This September, Seattle Met’s three-day, food and drink extravaganza Cowabunga returns to South Lake Union, where guests will enjoy 40+ chefs, craft cocktails, craft brews, locally grown potatoes, and the best of Washington State Beef. It’s an opportunity to not only taste offerings from top-chefs, but also to appreciate all the hard work that goes into producing the incredible bounty that ends up on your plate.

For more than thirty years, Mike and Paulette Forman have owned and operated Trinity Farms in Kittitas, Washington. Their son Robb, and his daughter Chelse, now tend the pastures and vigilantly care for every animal born on the land; rising before dawn and spending long days out in the elements is in their blood. It’s exhausting labor, but it’s deeply rooted in love and dedication.

Though the Formans have an intimate bond between their livelihood and food, with most people, there is a strong disconnect from the sources of the foods they eat on a regular basis. The Washington State Beef Commission takes that divide head on through their annual Explore Beef Experience, offered to chefs, members of the food trade and media so they can better inform the public about how things are really done.

Apples may hold more sentimental value, but in Washington State, there are over 9,000 cattle farms and ranches - an economic impact of $5.7 billion - that produce and ship beef all over the country and world. For such a big industry, much of that contribution rests on the shoulders of the little guy; about ⅔ of America’s ranches have fewer than ten head of cattle. They are primarily family owned and operated businesses that have been passed down as a way of life and a way to make a living for generations. 

Week in and week out, these families are working closely with their herds, constantly adding to their considerable, first-hand knowledge. Science and innovation are an integral part of the raising beef cattle, and the Formans have fully embraced it, on the largest scale to the most minute details. From the moment one of their purebred Angus or Simmental calves are born, a tissue sample is taken and stored in a database. That DNA not only enables traceability of the bovine’s lineage, but records its health throughout its lifecycle. This allows the Formans to identify and propagate more disease resistant traits, while limiting undesirable genes.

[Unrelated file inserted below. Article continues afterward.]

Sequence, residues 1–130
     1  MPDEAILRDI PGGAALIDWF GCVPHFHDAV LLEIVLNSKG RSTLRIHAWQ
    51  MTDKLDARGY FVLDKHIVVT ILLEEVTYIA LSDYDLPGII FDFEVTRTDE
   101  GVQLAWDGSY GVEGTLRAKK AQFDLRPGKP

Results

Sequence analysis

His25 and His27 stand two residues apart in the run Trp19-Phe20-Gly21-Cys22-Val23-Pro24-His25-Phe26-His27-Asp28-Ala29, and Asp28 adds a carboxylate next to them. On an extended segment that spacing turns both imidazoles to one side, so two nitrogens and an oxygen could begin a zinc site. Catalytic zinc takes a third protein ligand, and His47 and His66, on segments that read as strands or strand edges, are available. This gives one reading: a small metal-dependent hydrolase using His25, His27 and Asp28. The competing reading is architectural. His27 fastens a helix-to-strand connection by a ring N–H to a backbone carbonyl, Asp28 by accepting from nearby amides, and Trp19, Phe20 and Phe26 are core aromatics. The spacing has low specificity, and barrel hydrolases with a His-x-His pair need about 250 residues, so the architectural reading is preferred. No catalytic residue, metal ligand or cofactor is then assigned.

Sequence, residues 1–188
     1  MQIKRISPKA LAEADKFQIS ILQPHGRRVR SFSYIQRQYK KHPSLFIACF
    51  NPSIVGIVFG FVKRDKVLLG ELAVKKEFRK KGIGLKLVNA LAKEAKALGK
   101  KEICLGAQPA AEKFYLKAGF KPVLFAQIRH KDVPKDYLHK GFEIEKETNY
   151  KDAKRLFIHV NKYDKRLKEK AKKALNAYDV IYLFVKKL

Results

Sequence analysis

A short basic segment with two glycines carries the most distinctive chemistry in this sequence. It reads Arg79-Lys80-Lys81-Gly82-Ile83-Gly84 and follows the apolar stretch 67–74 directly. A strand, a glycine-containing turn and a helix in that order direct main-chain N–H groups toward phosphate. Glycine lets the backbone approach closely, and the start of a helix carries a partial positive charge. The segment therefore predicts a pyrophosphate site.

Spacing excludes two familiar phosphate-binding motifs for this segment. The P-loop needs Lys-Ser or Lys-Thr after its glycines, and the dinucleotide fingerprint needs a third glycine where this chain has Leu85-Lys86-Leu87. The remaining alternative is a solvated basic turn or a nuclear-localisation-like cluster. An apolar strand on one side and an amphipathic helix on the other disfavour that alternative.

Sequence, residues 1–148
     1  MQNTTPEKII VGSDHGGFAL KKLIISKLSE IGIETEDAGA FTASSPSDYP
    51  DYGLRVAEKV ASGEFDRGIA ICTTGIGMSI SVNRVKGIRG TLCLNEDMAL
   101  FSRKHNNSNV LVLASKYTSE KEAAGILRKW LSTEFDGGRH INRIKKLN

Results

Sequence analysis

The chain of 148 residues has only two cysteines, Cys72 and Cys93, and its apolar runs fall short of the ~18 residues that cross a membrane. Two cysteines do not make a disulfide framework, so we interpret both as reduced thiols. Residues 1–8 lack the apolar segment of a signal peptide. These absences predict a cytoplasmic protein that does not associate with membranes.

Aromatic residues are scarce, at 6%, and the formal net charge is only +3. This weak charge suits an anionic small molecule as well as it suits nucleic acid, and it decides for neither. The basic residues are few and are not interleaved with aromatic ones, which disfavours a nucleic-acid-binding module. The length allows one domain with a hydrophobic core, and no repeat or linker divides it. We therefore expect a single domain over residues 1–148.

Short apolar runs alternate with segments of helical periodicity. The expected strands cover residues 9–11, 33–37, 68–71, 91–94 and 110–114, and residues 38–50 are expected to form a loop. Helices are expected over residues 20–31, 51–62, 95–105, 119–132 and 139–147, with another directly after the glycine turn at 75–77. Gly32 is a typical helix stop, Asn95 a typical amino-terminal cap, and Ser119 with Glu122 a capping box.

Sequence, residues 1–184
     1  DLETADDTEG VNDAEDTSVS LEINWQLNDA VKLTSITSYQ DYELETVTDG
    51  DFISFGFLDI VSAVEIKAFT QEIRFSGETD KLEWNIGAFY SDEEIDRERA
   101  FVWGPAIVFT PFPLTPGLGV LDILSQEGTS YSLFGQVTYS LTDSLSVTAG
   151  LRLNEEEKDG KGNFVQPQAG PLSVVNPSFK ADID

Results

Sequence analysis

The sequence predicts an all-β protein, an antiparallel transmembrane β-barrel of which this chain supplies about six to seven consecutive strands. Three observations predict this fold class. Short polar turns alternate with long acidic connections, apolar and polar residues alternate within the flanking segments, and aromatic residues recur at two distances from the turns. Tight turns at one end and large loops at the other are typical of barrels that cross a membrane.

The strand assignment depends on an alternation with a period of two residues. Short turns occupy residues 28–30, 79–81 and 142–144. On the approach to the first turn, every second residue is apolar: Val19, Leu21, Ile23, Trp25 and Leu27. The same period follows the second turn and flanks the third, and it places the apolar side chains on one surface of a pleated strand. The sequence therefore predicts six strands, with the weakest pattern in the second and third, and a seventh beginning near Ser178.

This type of control and oversight leads to more efficient, robust, healthier animals. And when you factor in improved nutrition and well-being, the beef industry as a whole actually produces the same amount pound for pound as it did in 1977 - with 33% fewer cattle, and a reduced burden on the environment.

The Formans, and other beef-raising families, don’t take their responsibility as stewards of the land lightly; they look for ways to implement eco-friendly practices whenever possible. Washington produces diverse and substantial agricultural goods, everything from apples to potatoes, craft beer and even corn. That means there is also a lot of waste: fruit that is deemed too unattractive to sell, entire corn stalks that are discarded after the harvest, uncooked French fries and even the grains leftover after making beer. All of those unwanted byproducts would normally end up in a landfill, but on ranches like Trinity Farms, they become an invaluable supplement to the cows’ diets. 

Cow stomachs (all four of them) are phenomenal upcycling machines thanks to trillions of naturally occurring microbes in the rumen - the stomach’s largest chamber. A cow’s ability to intake and break down plant material that would otherwise be inedible to humans makes cattle formidable walking, mooing composters, which farms are utilizing to become more sustainable.

Enhancing processes and saving money go hand in hand. Advanced efforts like feeding crop byproducts and an animal-first mindset are among the top core values at Easterday Ranches, located outside the Tri-Cities. And Easterday Ranches is setting the standard for the everyone, especially when it comes to antibiotic use and treatment of livestock.

Cody Easterday, will quickly tell you, medicine is expensive. Any time he or his crew medicates a cow, it immediately negates any profit they would’ve made on that animal - so why would feedyards carelessly administer drugs, as they are often accused of doing? Simply put, they don’t. Over 100,000 cattle come through Easterday’s state-of-the-art facilities each year and are given attentive, hands on care. Health plans, including fine-tuned diets, ensure medication is used as a last resort only. Extensive information is electronically documented and strict withdrawal periods are enacted so that no residue is passed on, because if it did, the FDA would shut Easterday Ranches or any other operation down immediately. 

Things have drastically changed since Cody’s grandfather started the business in 1957. Developments in behavioral psychology and animal neurophysiology are leading to transformations unheard of as recent as ten years ago. Rethinking the cattle’s pen designs and updating handling techniques keeps cattle’s stress levels low; herding them in a clockwise pattern for example, plays into the less reactionary side of their brains. 

These methods are only a glimpse of how the beef industry is modernizing. Passionate individuals and families are driving this progress, answering the public’s call for accuracy, advancement and transparency. It all culminates in high quality beef products that feed millions of people. So this fall when you’re biting into a delicious steak, take a moment to reflect on the journey it made from farm to fork.

To learn more about how beef is raised in Washington by visiting

For a taste of top-chefs supporting locally raised Washington State Beef, grab tickets to Seattle Met’s Cowabunga

Cowabunga Seattle

September 27-29, 2019

South Lake Union